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Weirdonomics & Quirkology

How the curious science of the oddities
of everyday life yields new insights
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Using an index finger, trace the capital letter Q on your forehead. Which way did the tail of the Q slant?

What an odd thing to ask someone to do. Exploring weird things and why people believe them, however, is what I do for a living. Coming at science from the margins allows us to make an illuminating contrast between the normal and the paranormal, the natural and the supernatural, and the anomalous and the usual. The master at putting uncanny things to the experimental test — the man I call the Mythbuster of Magical Thinking — is University of Hertfordshire psychologist Richard Wiseman. His new book, Quirkology: How We Discover the Big Truths in Small Things (Basic, 2007), presents the results of his numerous (and often hilarious) experiments on all matters peculiar. (continue reading…)

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Michael Shermer & Michio Kaku
Discuss Science & Pseudoscience

The famous theoretical physicist and science popularizer Dr. Michio Kaku interviews Skeptic publisher and science writer Dr. Michael Shermer, in which they explore a variety of topics between science and pseudoscience, the normal and the paranormal, the natural and the supernatural.

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Mr. Skeptic Goes to Esalen

Science and spirituality on the California coast
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The Esalen Institute is a cluster of meeting rooms, lodging facilities and hot tubs all nestled into a stunning craggy coastal outcrop of the Pacific Ocean in Big Sur, Calif. In his 1985 book, “Surely You’re Joking, Mr. Feynman”, the Nobel laureate physicist Richard Feynman recounts his experience in the natural hot spring baths there, in which a woman is being massaged by a man she just met. “He starts to rub her big toe. ‘I think I feel it,’ he says. ‘I feel a kind of dent — is that the pituitary?’ I blurt out, ‘You’re a helluva long way from the pituitary, man!’ They looked at me, horrified … and said, ‘It’s reflexology!’ I quickly closed my eyes and appeared to be meditating.”

With that as my introduction to the Mecca of the New Age movement, I accepted an invitation to host a weekend workshop there on science and spirituality. Given my propensity for skepticism when it comes to most of the paranormal piffle proffered by the prajna peddlers meditating and soaking their way to nirvana here, I was surprised the hall was full. Perhaps skeptical consciousness is rising! (continue reading…)

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Rupert’s Resonance

The theory of “morphic resonance” posits that people have a sense of when they are being stared at. What does the research show?
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Have you ever noticed how much easier it is to do a newspaper crossword puzzle later in the day? Me neither. But according to Rupert Sheldrake, it is because the collective successes of the morning resonate through the cultural morphic field.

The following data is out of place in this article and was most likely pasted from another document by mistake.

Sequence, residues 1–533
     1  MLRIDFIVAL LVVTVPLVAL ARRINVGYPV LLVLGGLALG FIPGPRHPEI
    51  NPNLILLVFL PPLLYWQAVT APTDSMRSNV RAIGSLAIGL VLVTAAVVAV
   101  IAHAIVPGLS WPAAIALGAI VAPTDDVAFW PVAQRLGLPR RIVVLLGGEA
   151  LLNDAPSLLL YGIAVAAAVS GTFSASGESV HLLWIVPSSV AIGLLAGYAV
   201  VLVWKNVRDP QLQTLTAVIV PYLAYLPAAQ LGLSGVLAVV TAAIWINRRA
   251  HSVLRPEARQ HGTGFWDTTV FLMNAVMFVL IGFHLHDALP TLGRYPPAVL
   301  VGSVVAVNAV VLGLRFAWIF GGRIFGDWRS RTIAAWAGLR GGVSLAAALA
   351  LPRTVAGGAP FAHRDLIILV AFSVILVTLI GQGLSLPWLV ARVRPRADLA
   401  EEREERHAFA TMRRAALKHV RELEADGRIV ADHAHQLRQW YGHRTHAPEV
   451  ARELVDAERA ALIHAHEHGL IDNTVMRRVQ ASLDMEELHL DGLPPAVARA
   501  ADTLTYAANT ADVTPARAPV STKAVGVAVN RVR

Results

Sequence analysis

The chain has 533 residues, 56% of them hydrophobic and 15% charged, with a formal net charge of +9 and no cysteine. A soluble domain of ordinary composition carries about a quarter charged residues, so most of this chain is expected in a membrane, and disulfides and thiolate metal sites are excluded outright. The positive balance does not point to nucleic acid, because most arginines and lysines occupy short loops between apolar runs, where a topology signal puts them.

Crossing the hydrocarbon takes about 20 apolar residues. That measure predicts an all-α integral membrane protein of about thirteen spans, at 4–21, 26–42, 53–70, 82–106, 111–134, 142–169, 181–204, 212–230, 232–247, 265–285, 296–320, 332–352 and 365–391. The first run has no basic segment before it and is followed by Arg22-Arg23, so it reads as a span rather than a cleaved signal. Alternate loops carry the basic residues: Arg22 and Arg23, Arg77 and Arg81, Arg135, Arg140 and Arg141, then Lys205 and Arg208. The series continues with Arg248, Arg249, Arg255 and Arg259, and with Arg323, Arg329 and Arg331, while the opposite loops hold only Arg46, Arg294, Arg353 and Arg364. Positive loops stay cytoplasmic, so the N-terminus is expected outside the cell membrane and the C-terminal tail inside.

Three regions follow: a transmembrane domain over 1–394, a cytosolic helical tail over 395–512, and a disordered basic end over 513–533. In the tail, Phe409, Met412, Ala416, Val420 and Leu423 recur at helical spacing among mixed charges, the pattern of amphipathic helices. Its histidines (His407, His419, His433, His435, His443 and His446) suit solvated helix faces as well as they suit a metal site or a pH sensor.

In Sheldrake’s theory of morphic resonance, similar forms (morphs, or “fields of information”) reverberate and exchange information within a universal life force. “As time goes on, each type of organism forms a special kind of cumulative collective memory,” Sheldrake writes in his 1981 book A New Science of Life (JP Tarcher). “The regularities of nature are therefore habitual. Things are as they are because they were as they were.” In this book and subsequent ones, Sheldrake, a botanist trained at the University of Cambridge, details the theory, which is again hotly debated in the recent June Journal of Consciousness Studies.

Morphic resonance, Sheldrake says, is “the idea of mysterious telepathy-type interconnections between organisms and of collective memories within species” and accounts for phantom limbs, how dogs know when their owners are coming home, and how people know when someone is staring at them. “Vision may involve a two-way process, an inward movement of light and an outward projection of mental images,” Sheldrake explains. Thousands of trials conducted by anyone who downloaded the experimental protocol from Sheldrake’s Web page “have given positive, repeatable, and highly significant results, implying that there is indeed a widespread sensitivity to being stared at from behind.” (continue reading…)

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Quantum Quackery

A surprise-hit film has renewed interest in applying quantum mechanics to consciousness, spirituality and human potential
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In spring 2004 I appeared on KATU TV’s AM Northwest in Portland, Ore., with the producers of an improbably named film, What the #$*! Do We Know?! Artfully edited and featuring actress Marlee Matlin as a dreamy-eyed photographer trying to make sense of an apparently senseless universe, the film’s central tenet is that we create our own reality through consciousness and quantum mechanics. I never imagined that such a film would succeed, but it has grossed millions.

The film’s avatars are New Age scientists whose jargon-laden sound bites amount to little more than what California Institute of Technology physicist and Nobel laureate Murray Gell-Mann once described as “quantum flapdoodle.” University of Oregon quantum physicist Amit Goswami, for example, says in the film: “The material world around us is nothing but possible movements of consciousness. I am choosing moment by moment my experience. Heisenberg said atoms are not things, only tendencies.” Okay, Amit, I challenge you to leap out of a 20-story building and consciously choose the experience of passing safely through the ground’s tendencies. (continue reading…)

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